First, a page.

Government to include human papillomavirus vaccine in the regular immunisation listDoctors say HPV-caused cervical cancer is the number one killer of women in Nepal.
In a bid to prevent cervical cancer deaths among women, the Ministry of Health and Population is planning to include human papillomavirus vaccine in the regular immunisation list.
All girls aged between 11 and 13 years would get two doses of the HPV vaccine as part of their regular immunisation programme that the government conducts throughout the year.
Human papillomavirus is the cause of the most common viral infection of the respiratory tract that most sexually active men and women get exposed to the virus at some point during their lifetime.
Doctors say HPV-caused cervical cancer is the number one killer of women in Nepal.
“We have been working to include the vaccine in the regular immunisation list,” Dr Jhalak Sharma, chief of immunisation section at the Family Welfare Division under the Department of Health Services, told the Post. “We can prevent hundreds of deaths if we can immunise our girls with the vaccine on time.”
The Health Ministry has allocated Rs77.7 million—Rs27.5 million to the immunisation section and Rs50 million to the BP Koirala Memorial Cancer Hospital in Bharatpur—to introduce the vaccine.
The immunisation section has also started a discussion with stakeholders, including the National Advisory Committee on Immunisation, on ways to start the immunisation.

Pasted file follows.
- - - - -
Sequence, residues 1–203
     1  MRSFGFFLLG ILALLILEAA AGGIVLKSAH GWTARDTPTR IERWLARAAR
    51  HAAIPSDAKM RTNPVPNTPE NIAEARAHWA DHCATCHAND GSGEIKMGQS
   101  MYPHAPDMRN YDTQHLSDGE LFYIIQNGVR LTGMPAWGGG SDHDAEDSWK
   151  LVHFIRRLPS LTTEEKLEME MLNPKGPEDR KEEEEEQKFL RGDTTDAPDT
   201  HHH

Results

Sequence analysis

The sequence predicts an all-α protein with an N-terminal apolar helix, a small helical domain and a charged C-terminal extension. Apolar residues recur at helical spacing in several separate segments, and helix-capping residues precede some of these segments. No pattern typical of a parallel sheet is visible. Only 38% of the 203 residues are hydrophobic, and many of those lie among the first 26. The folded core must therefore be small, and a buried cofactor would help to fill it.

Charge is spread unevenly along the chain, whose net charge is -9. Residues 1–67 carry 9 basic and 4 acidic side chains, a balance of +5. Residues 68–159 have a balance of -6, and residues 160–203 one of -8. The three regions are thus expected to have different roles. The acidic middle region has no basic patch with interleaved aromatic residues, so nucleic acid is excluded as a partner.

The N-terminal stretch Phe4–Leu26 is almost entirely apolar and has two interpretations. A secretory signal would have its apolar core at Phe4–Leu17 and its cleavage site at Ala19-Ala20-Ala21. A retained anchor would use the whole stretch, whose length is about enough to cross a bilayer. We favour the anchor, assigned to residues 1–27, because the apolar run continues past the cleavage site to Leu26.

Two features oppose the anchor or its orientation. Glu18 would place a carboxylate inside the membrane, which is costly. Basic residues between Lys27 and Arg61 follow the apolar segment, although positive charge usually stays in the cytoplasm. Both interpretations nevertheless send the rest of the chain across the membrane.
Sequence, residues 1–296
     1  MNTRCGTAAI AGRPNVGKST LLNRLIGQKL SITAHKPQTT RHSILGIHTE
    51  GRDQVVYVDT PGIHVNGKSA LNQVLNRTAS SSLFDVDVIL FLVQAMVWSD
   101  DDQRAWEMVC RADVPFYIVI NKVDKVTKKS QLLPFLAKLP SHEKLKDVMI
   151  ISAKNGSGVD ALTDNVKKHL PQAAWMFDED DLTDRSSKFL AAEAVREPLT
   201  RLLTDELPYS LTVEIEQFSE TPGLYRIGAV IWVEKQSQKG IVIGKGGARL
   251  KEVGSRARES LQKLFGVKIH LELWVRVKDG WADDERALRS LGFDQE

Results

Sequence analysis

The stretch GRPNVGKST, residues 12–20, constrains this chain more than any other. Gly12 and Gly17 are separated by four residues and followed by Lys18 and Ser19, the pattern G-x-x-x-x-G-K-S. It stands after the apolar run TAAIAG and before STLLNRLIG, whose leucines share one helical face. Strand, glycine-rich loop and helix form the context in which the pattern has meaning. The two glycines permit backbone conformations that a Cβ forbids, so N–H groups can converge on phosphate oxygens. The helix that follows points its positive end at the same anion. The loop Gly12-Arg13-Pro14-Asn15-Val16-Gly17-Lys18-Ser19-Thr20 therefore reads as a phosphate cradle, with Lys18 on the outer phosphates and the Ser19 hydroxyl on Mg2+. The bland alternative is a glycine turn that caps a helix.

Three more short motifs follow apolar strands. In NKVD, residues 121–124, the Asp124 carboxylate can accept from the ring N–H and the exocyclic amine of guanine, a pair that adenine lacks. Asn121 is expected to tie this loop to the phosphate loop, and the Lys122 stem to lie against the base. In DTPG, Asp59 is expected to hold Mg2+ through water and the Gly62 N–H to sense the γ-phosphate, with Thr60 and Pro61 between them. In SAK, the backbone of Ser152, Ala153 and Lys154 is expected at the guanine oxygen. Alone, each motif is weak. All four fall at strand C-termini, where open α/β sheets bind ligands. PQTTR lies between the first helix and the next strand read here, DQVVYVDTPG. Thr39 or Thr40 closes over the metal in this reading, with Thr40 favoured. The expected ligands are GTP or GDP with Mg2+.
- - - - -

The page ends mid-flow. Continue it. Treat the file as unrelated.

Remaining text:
“The money allocated by the government to introduce the vaccine is not sufficient to immunise all children throughout the country at once,” said Sharma. “If we include the vaccine in the regular immunisation list, we will get international aid as well.”
The BP Koirala Memorial Cancer Hospital, which received Rs50 million to introduce the vaccine, said that it has also issued a public notice regarding immunisation against HPV.
“We have started the process to introduce the vaccine within this fiscal year,” Dr Bijaya Chandra Acharya, director at the hospital, told the Post over the phone. Every year, over 600 women seek treatment for cervical cancer at the hospital. Acharya said that it would be better if the government included the vaccine in the regular immunisation list, as the budget allocated for the vaccine is not sufficient to immunise all the children.
Earlier, the Health Ministry had run a pilot programme in Kaski and Chitwan districts, where all girls aged 11 to 13 years were immunised against HPV. The government has also been providing free screening programme for cervical cancer to women from the state-run health facilities across the country.
The World Health Organization says HPV is responsible for over 70 percent of cervical cancer in women. Cervical cancer also happens to be the second most common cancer in the developing world. Early treatment prevents up to 80 percent of cervical cancer.